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Friday, 12 April, 2002, 12:01 GMT 13:01 UK
Venezuela president forced out
Tanks at the Fuerte Tiuna military base in Caracas
The military is on a state of high alert
Venezuelan President Hugo Chavez is being held at a military barracks in the capital Caracas after being forced to resign by the country's military.

The end of Mr Chavez's three years in power came after a three-day general strike ended in a violent demonstration on Thursday in which 11 people died.


I want to call on the glorious Venezuelan people to stay calm and to the army to set an example of civility, rejecting any incitement to violence

General Lucar Rincon
The bloodshed triggered a rebellion by the country's military.

Pedro Carmona, the head of the Venezuelan business association Fedecamaras, has said that he will head a transitional government at the request of the armed forces.

He said the government would be made up of military and civilian personnel, and he announced an immediate end to the general strike.

The strike has crippled the oil industry in Venezuela - the world's fourth largest oil exporter.

Oil prices fall

In London, oil prices fell at the start of trading following Mr Chavez's resignation.

Opec, the cartel of leading oil exporting nations, said it was "concerned" by the situation in Venezuela, fearing the country might increase its oil output in order to boost state finances.

Thursday's opposition rally was in support of striking managers at the state oil company, who said Mr Chavez had tried to take it over by filling the board with his supporters.

Eyewitnesses said snipers had opened fire on a crowd of more than 150,000. As well as 11 dead, more than 80 were injured.

Pedro Carmona
Business leader Pedro Carmona is to head a transitional government
Mr Chavez appeared on the state-run television channel denouncing the protest, while independent TV channels were taken off the air by order of the government.

However, Finance Minister Francisco Uson, who is an army general, and National Guard chief Luis Camacho Kairuz resigned in protest at the killings.

They were joined by 10 other high-ranking military officers rebelling against Mr Chavez.

Mr Chavez finally quit after overnight talks with a delegation of generals at the Miraflores presidential palace.

Appeals for calm

"The president was asked to resign from his post and he accepted," armed forces chief General Lucas Rincon said.

"I want to call on the glorious Venezuelan people to stay calm and to the army to set an example of civility, rejecting any incitement to violence. Keep faith in your national armed forces," the general said.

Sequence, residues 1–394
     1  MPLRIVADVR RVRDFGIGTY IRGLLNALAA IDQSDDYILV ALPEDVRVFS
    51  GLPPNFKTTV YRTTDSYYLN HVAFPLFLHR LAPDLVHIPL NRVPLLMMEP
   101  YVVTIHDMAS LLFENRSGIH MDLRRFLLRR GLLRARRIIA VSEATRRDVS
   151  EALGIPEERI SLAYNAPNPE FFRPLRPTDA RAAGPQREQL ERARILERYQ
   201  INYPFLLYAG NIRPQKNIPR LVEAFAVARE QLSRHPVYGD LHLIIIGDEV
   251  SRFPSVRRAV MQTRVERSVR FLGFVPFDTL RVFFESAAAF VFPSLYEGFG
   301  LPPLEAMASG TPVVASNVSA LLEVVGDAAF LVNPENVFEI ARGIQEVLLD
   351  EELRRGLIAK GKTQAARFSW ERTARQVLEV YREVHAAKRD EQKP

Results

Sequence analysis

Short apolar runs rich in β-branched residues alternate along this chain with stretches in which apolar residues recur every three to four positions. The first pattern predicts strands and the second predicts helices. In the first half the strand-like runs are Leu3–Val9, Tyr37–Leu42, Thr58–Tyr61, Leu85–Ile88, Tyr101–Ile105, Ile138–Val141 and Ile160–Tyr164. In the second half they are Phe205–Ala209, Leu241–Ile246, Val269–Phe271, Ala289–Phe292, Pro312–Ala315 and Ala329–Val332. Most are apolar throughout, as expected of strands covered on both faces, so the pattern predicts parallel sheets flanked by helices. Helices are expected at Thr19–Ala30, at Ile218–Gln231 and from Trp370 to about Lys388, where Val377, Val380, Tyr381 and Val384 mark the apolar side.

The United States said it was watching developments closely.

Mr Chavez was driven away from the presidential palace to the Fuerte Tiuna military barracks in Caracas.

Protester injured in Caracas
Opposition groups came under fire at the protest
General Efrain Vasquez Velasco said he was being held there while investigators decide what charges he could face for Thursday's violence.

Spanish radio reported that Mr Chavez had asked to be allowed to leave the country for Cuba.

The BBC's Adam Easton, in Caracas, says there are noisy celebrations on the streets, with crowds gathering at La Carlota airport in Caracas hoping to see Mr Chavez depart.

Guaicaipuro Lameda - a former army general and until recently president of Venezuela's state oil monopoly - said Mr Chavez's administration had been condemned because it began arming citizens' committees.

He said it was these armed groups that had fired at opposition protesters.

Mr Chavez's wife, Marisabel Rodriguez, was reported to have left Caracas on Thursday night with their children and flown to her home town of Barquisimeto.

Italian airline Alitalia said it was cancelling flights on Friday to and from Caracas for "security reasons" after the rioting in the Venezuelan capital.

Mr Chavez won a landslide election victory in 1998, six years after he led an abortive coup as a young army officer.

 WATCH/LISTEN
 ON THIS STORY
The BBC's George Eykyn
"An interim government has been announced"
See also:

07 Apr 02 | Americas
Venezuela's escalating oil dispute
12 Apr 02 | Americas
Venezuela's political disarray
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